Meanwhile, Henning quickly moved to fashion several spinoffs with characters in common. Petticoat Junction (1963-70, CBS) featured long-time Henning player Bea Benaderet as Kate Bradley, proprietress of the Shady Grove Hotel, a homey inn situated along a railroad spur between Hooterville and Pixley, with her three budding daughters providing ample latitude for farmer's daughter jokes. The show was canceled in 1970 following Benaderet's death from cancer.
Then into this homespun idyll, he dropped Green Acres (1965-71, CBS), a flat-out assault on Cartesian logic, Newtonian physics, and Harvard-centrist positivism. Lawyer Oliver Wendell Douglas (Eddie Albert) and his socialite wife Lisa (Eva Gabor) come to Hooterville in search of the greening of America and a lofty Jeffersonian idealism. What they discover instead is a virtual parallel universe of unfettered surrealism, rife with gifted pigs, square chicken eggs, and abiogenetic hotcakes--a universe which Lisa intuits immediately, and by which Oliver is constantly bewildered.
In their later stages, these three worlds were increasingly interwoven, so that by the time of the holiday episodes where the arriviste Clampetts return to Hooterville to visit kith and kin, including the laconic Bradleys, and intersect with the proto-revisionist Douglases--using Sam Drucker's General Store as their narrative spindle--television had perhaps reached its self-reflexive pinnacle.
Despite high ratings, both The Beverly Hillbillies and Green Acres were canceled in 1971 by CBS President James Aubrey (once nicknamed "the smiling cobra") in the same purge which claimed Mayberry RFD, a toothless Jackie Gleason, and Red Skelton (despite a final season on NBC). The push to cultivate a consumer base of advertising-friendly 18- to 34-year-olds was the same one which ushered in M*A*S*H, All in the Family, The Mary Tyler Moore Show, and, ostensibly, political conscience.
Yet viewed in retrospect, such shows perhaps perfectly mirrored the times. A pervasive argument against television has always been that its hermetic nature removes it from a social context: Idealized heroes or families and their better mousetrap worlds seem all but impervious to the greater ills of the day. Nowhere is this more evident or egregious (so the argument goes) than in 1960s sitcoms, where a watershed decade elicited programming which seemed downright extraordinary in its mindlessness. But who better than garrulous nags, crusty aliens, maternal jalopies, suburban witches, subservient genies, gay Marines or bungling Nazis to dramatize the rend in the social fabric, or typify the contradictions of the age? If so, no one was more adept at manipulating this conceit--nor pushed the envelope of casual surrealism further--than Henning. Not for nothing did button-down visionary Oliver Douglas, whose plans for Cornell School of Agriculture were dashed by his father's insistence on a Harvard Law degree, lose his first law office job for growing mushrooms in his desk drawer.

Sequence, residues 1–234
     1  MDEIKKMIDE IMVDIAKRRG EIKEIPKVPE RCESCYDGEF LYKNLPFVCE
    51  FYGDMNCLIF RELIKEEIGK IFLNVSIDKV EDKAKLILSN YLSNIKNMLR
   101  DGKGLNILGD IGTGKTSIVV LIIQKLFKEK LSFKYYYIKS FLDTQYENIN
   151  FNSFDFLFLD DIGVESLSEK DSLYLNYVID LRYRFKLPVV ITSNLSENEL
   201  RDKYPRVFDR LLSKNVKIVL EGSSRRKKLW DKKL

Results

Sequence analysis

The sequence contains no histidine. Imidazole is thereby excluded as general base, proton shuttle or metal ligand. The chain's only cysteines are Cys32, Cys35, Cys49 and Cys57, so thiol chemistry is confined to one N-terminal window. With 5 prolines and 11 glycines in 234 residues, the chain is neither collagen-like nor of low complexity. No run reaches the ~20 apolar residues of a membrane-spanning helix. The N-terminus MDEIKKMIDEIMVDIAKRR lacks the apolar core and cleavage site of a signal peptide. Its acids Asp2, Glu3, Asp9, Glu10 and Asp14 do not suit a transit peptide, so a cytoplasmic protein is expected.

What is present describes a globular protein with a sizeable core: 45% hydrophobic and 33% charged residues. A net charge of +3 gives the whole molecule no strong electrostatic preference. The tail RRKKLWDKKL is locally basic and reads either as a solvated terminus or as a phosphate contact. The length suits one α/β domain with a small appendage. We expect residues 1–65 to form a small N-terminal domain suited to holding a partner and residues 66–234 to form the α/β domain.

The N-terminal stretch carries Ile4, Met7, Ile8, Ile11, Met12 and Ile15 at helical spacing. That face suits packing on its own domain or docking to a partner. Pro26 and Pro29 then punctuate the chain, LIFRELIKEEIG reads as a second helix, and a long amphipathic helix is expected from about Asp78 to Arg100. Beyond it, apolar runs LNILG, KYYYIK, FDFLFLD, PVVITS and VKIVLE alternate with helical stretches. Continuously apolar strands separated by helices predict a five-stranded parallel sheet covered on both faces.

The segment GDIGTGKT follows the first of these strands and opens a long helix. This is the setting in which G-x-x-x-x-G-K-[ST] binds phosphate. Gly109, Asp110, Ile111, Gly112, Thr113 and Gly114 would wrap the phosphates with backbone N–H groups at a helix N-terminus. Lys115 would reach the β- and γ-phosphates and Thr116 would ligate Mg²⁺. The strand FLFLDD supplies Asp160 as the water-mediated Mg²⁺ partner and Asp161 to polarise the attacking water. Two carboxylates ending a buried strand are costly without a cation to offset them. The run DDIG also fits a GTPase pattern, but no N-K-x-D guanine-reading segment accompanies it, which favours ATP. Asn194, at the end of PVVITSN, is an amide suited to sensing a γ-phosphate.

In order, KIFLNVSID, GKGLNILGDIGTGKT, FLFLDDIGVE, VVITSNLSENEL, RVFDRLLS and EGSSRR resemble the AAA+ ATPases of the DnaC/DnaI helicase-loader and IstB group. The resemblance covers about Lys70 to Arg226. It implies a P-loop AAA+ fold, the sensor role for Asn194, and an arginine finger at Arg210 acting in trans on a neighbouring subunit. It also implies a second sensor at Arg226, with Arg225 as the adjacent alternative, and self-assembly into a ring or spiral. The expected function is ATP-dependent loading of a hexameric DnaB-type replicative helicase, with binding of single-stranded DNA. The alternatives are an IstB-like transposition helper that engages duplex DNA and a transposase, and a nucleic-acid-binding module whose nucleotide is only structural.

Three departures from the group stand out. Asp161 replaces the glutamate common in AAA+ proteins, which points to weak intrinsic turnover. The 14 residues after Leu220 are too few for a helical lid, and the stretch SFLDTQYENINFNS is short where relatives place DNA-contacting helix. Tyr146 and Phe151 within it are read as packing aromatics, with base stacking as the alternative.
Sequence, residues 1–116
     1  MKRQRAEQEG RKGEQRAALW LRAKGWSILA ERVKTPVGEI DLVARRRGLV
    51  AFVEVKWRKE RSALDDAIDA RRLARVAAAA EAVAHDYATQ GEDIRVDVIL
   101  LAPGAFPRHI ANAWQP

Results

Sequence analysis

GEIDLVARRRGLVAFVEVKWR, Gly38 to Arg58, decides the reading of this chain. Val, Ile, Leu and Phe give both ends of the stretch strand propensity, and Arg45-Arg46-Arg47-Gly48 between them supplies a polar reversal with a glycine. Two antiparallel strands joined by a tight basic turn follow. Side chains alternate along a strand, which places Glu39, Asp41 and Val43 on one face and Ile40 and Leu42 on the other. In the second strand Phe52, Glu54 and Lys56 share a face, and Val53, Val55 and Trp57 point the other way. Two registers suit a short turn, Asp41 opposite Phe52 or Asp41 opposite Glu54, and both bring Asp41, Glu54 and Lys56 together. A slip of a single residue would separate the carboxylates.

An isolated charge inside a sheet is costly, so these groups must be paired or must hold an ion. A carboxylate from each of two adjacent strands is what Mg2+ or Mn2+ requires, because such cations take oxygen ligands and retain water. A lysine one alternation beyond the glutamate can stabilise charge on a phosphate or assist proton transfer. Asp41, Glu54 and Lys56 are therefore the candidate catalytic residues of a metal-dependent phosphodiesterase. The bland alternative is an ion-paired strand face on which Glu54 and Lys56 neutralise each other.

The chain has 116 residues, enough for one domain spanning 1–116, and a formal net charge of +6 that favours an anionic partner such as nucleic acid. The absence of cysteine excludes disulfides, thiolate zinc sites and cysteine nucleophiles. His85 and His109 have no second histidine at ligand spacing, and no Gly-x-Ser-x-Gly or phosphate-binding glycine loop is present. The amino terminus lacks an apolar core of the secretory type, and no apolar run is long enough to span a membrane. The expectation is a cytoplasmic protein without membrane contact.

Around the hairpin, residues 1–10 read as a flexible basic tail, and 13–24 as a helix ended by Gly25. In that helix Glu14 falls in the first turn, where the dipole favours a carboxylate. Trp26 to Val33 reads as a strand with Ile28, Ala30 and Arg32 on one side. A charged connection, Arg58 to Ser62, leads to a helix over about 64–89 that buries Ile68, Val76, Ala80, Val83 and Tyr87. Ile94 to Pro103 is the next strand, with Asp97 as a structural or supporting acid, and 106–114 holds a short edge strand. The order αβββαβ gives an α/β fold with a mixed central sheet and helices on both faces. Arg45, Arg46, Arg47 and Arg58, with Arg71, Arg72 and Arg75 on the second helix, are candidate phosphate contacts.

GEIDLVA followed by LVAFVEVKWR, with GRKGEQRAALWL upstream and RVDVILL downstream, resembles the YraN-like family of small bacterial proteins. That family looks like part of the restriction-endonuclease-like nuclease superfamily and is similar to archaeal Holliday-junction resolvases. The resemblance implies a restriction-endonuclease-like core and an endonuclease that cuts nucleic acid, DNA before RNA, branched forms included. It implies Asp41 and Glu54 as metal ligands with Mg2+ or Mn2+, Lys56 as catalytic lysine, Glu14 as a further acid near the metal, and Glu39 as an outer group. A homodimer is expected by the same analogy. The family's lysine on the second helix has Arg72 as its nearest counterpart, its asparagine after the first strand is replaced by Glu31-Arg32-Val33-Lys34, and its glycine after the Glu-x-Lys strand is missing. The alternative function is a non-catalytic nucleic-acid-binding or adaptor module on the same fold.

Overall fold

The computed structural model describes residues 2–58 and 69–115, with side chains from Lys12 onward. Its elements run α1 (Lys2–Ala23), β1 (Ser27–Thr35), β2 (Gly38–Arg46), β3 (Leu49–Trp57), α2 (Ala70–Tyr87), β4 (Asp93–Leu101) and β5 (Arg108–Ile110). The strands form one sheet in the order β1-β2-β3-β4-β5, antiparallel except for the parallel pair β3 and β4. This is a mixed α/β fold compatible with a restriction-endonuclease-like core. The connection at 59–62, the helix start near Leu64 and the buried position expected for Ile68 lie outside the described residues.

Special "Return Of" TV movies were created for both The Beverly Hillbillies (1981) and Green Acres (1990), and a Beverly Hillbillies feature film followed in 1992, but none of these, charitably speaking, managed to rise to the challenge.
PAUL HENNING. Born in Independence, Missouri, U.S.A., 16 September 1911. Died 25 March 2005. Graduated Kansas City School of Law, 1932. Married: Ruth Margaret Barth, 1939, children: Carol Alice, Linda Kay, Paul Anthony. Began career as staff member at radio station KMBC Kansas City, 1933-37; writer and co-writer of radio programs 1937-50; writer-producer of television programs 1950-72; writer of feature films, 1961-88.
1950-58 The George Burns-Gracie Allen Show 1952 The Dennis Day Show 1953 The Ray Bolger Show 1954-59 The Bob Cummings Show (also producer) 1962-72 The Beverly Hillbillies (also creator and producer) 1963-72 Petticoat Junction (creator, producer) 1965-71 Green Acres (executive producer)